“These reasons are what make USF Week so important,” said Athena Bressack, Coordinator of USF’s Center for Student Involvement.

USF Week began as USF Day in 2010, which was declared by former mayor of Tampa Pam Iorio, on April 9. Two years later, the day expanded to a week-long celebration of all things green and gold.

“USF Week is a celebration on what it means to be a Bull,” Bressack said.

USF Week was created by the students, for the students. The planning committee and departments that organize the events during the week, are almost composed of students, staff and volunteers.

USF Week also provides an opportunity for students to meet new people, and learn about their experiences with one another.

During the USF KickOff, students from dozens of organizations, including fraternities, sororities and cultural clubs mingled with one another as two DJs from Bulls Radio were on the ones and twos. One DJ even performed a Caribbean Dancehall, which was infused with electronic dance music to please a mixed crowd.

The Kickoff began on April 4, which includes events like the Working Bulls Bag Breakfast, and the Mr. and Ms. USF Pagent. On Tuesday, Humans of New York photographer Brandon Stanton lectured a packed house of students and community members. USF Week continues until April 9 with a concert, appropriately titled Bullstock, as well as sporting events and a birthday party for USF’s famed mascot, Rocky D. Bull.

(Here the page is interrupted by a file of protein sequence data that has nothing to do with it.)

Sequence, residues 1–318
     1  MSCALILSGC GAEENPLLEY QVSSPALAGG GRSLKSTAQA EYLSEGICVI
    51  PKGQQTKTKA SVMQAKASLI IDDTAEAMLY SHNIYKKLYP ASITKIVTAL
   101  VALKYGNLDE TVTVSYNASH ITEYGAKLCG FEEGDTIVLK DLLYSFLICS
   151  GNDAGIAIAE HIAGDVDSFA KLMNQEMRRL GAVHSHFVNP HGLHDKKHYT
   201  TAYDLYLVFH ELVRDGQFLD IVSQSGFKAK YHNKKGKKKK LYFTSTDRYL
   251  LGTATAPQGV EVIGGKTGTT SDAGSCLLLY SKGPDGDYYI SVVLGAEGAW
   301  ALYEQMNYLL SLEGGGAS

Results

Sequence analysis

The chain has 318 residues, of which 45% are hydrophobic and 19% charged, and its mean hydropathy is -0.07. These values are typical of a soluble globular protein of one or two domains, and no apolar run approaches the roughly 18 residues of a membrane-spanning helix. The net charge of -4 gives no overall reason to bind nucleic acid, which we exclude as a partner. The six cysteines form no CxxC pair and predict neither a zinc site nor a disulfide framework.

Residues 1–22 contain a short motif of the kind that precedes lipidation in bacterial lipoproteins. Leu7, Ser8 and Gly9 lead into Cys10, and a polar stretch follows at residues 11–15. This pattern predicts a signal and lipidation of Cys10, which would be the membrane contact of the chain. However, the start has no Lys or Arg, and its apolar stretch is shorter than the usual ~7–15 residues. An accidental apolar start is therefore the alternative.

Malik Waters, a student assistant in the Center for Student Involvement, said the collaboration of multiple campus partners at USF make the week-long festival a success.

“I make sure that our vendors are paid,” Waters said, as he gestures to an arm full of USF Week wristbands. “Without us, there is no promotional stuff that everyone loves.”

Inaugural Carolina Sled Hockey Classic

 

From Mar. 11 to Mar. 13, 2016, the Polar Ice House of Wake Forest in Wake Forest, North Carolina was home to The Inaugural Carolina Sled Hockey Classic. 

The Carolina Sled Classic featured 50 disabled athletes from five different teams from throughout the southeast United States. 

The teams featured in the photo essay are the Nashville Sled Preds and the Virginia Beach Hockey Club Sled Team. The game was dominated by the Sled Preds, who eventually went on to play in the championship game.